Last week, news spread quickly of the unexpected death of legendary musician, Prince. Posts covered Facebook news feeds. Twitter exploded with comments lamenting the loss. Tributes rang out musically on stages across Broadway, concert halls, and Saturday Night Live. No one expected this news. No one expected his death. But sometimes, as sudden as lightening can strike, death can occur.
It would seem too that even Prince thought he could put off planning. CNN Money reported less than a week after his death that Prince’s sister has filed papers requesting a Special Administrator, stating that Prince died without a will. Reuters reported the same. So what does this mean? It means the state of Minnesota, where Prince was a resident, will decide what happens.*
What Happens When You Die Without a Will
In a way, everyone already has a plan for what happens to your belongings after death. If you don’t have one that is personal to you–that is, a will–your state’s laws decide. This is called dying intestate. In that situation, the law takes over, and whatever you would have wanted no longer matters.
In Florida, just getting money from a traditional bank account can require that a personal representative (also called an executor or executrix) is required. This means a probate will need to be opened with the court system. Notices need to be published for potential creditors. And likely, an attorney will need to be hired.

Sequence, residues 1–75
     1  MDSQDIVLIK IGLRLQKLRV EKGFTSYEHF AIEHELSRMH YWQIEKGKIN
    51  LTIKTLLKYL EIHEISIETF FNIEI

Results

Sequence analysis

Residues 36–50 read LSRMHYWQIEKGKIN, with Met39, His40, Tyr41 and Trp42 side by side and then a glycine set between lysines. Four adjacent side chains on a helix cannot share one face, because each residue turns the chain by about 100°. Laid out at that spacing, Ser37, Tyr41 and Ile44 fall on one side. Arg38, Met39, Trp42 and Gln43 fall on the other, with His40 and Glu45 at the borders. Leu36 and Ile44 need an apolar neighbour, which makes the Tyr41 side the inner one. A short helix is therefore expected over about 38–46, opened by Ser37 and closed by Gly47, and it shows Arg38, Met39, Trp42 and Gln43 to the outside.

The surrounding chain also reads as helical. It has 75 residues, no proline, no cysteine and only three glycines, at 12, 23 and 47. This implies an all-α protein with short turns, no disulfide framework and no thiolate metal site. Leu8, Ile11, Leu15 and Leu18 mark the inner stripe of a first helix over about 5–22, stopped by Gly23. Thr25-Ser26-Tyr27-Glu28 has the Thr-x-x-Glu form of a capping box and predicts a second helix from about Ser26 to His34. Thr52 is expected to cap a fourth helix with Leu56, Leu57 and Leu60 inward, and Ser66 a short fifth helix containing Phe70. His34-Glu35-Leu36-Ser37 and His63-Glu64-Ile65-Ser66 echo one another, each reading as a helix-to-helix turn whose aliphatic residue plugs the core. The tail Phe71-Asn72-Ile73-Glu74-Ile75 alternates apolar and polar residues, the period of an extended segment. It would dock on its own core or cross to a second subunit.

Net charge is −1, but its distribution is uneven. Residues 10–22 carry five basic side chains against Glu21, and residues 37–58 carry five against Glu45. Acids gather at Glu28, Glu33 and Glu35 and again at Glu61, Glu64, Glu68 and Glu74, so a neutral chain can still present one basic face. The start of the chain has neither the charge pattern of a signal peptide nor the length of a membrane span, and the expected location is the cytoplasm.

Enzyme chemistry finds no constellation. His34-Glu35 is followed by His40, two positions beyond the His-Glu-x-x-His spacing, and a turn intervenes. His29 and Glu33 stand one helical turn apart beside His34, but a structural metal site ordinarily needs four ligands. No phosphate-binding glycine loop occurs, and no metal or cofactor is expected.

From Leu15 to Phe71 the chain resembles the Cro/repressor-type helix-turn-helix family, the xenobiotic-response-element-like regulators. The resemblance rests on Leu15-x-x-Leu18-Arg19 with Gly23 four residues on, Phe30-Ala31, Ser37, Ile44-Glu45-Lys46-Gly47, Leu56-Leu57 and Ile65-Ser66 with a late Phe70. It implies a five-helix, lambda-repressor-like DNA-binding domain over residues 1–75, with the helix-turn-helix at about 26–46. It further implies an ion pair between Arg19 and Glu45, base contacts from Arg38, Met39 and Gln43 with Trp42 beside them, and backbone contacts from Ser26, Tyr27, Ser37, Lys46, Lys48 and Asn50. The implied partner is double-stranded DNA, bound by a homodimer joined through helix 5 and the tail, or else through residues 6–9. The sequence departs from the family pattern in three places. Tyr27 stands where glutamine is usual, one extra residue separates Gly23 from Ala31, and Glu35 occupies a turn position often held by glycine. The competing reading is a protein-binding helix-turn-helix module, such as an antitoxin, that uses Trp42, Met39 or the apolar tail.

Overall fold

A large part of dying without a will involves determining who the heirs are. If you have a spouse and no children, this can be straight-forward. But things can quickly become complicated. If you have children and a new spouse not their parent, things are split differently. If you have no spouse or children, the state turns to your parents or siblings. And if you have half-siblings and only one parent living, your half-siblings could potentially be left out entirely.
But My Estate is Not Worth $300 Million
The size of your estate does not determine whether you need a will. Instead, your life’s situation and what you have does. As said above, often just getting money from a bank account can require an intestate probate. For some people, this seems fine. But it can also be costly. Few realize that having the state sort out what happens with your belongings can actually be much more expensive than having a will drafted for you. As in thousands of dollars more expensive.
Tragedy also recently touched a friend’s life when her husband passed away, leaving her and two high-school-age children. At a minimum, with no blended family and a rather straight-forward estate, this will likely cost her over $4,000.00 to sort out. Most attorneys would charge far less than half of that amount to draft a basic will. (How Much for a Simple Will?)
The old saying promises you can count on death. And taxes.* We know these things will happen. We can make it easier (and usually less expensive) for our loved ones by planning in advance. To talk about your needs, call an estate planning attorney to discuss your specific situation and help you develop a plan that puts your wishes in place, making sure that your belongings are handled they way you want.
*Of course, Prince’s lack of estate planning probably also means his estate will likely pay a hefty estate tax under both federal law and Minnesota law.